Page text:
The release of the Pandora Papers has reignited the conversation regarding the improper use of offshore tax havens and anonymous corporations to facilitate illicit activity. As we have previously written, leaks such as the Panama Papers have revealed significant money laundering in Canada through shell corporations and have led to increased attention to such issues. Among other things, in May 2019, British Columbia established the Commission of Inquiry into Money Laundering in British Columbia (the Cullen Commission) to determine where and how money laundering is taking place in the province, why it has been allowed to happen, and whether and how it can be prevented. Since its establishment in 2019, the Cullen Commission has held five community meetings and 143 hearing sessions across British Columbia. At the time of writing, hearings at the Cullen Commission have concluded and closing oral submissions were made by participants’ lawyers on October 15, 18 and 19.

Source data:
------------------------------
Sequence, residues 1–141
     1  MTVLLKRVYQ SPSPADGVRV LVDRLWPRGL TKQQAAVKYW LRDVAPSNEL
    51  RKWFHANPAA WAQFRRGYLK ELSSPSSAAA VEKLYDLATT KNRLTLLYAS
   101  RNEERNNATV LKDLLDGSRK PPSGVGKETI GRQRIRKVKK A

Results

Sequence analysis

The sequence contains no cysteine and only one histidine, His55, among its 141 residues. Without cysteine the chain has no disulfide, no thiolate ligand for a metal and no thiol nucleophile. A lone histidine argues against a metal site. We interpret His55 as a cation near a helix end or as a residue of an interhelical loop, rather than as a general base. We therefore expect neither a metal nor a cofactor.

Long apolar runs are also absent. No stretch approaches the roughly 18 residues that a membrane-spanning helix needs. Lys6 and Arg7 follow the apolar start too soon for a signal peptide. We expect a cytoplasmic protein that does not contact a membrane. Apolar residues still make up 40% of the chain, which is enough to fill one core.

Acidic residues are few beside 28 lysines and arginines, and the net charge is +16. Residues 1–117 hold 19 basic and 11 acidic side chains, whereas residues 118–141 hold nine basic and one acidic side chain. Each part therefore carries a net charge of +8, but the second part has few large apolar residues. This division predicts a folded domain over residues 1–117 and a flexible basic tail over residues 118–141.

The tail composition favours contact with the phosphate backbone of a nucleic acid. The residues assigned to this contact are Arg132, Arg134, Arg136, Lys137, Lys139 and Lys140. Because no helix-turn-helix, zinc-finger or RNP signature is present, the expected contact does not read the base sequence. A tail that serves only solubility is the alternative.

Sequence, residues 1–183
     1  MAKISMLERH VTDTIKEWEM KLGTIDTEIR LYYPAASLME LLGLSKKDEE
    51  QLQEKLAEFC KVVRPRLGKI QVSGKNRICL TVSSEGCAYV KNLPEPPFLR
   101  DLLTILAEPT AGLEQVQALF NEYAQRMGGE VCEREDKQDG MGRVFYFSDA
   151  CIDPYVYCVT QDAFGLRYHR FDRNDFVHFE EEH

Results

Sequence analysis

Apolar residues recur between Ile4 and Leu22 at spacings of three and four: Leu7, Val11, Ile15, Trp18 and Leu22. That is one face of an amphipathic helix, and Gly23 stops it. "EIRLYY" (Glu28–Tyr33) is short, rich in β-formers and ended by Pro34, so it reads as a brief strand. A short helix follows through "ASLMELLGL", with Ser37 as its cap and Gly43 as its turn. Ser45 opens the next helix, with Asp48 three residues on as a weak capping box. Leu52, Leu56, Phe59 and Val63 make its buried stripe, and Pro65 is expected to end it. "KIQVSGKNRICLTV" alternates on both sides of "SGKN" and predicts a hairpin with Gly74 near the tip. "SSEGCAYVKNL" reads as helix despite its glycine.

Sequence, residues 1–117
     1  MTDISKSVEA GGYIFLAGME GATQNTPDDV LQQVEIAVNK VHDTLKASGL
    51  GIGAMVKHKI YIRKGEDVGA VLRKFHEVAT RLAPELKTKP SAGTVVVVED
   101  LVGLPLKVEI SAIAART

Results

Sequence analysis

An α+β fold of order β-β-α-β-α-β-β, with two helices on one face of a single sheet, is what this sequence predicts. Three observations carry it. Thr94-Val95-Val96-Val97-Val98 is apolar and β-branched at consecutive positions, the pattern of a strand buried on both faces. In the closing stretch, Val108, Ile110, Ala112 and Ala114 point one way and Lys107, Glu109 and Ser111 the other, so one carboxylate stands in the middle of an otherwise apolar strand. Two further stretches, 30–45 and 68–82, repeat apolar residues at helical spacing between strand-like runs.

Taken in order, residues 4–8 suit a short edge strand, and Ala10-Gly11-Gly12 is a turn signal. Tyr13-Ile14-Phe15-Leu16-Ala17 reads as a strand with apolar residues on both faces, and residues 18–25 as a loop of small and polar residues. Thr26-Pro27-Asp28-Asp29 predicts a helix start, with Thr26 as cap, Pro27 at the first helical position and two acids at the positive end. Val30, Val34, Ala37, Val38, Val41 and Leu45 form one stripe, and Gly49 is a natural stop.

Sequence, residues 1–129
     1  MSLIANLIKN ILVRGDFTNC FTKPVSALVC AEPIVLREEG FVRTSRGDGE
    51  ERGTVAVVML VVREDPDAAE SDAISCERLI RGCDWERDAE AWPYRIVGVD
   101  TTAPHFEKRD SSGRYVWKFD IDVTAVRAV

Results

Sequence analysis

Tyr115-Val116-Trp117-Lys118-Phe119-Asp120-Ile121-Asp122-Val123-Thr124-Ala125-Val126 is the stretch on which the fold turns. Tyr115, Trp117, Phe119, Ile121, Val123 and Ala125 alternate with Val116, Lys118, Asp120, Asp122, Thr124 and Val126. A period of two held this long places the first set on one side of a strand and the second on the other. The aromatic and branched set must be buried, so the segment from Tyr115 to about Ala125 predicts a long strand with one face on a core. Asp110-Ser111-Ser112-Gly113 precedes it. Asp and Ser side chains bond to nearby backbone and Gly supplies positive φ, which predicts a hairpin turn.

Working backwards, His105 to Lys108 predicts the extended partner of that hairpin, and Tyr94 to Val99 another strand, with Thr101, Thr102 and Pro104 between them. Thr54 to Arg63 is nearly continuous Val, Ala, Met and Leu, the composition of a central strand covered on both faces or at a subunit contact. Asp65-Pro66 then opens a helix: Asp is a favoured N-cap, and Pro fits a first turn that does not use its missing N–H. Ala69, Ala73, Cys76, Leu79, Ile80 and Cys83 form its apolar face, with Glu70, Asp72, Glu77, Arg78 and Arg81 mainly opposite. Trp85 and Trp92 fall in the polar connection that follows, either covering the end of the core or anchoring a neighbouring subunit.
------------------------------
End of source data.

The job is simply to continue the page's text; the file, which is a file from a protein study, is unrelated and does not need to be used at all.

Regulated entities in Canada such as financial institutions and money services businesses are required under the Proceeds of Crime (Money Laundering) and Terrorist Financing Act (the PCMLTFA) to take various measures to combat money laundering, including conducting KYC checks (including by taking reasonable steps to obtain and confirm the accuracy of beneficial ownership information), maintaining a compliance program, and making reports to the Financial Transactions and Reports Analysis Centre of Canada (FinTRAC). Although these obligations are restricted to specified entities subject to the PCMLTFA, all companies in Canada are prohibited under the Criminal Code from transacting with property while knowing or believing it to be the proceeds of crime. Effective compliance with these obligations requires companies to be aware of the parties with whom they are doing business and make appropriate inquiries into any areas of suspicion. For more information about anti-money laundering in Canada, see our Anti-money laundering and terrorist financing “Things to Know” page.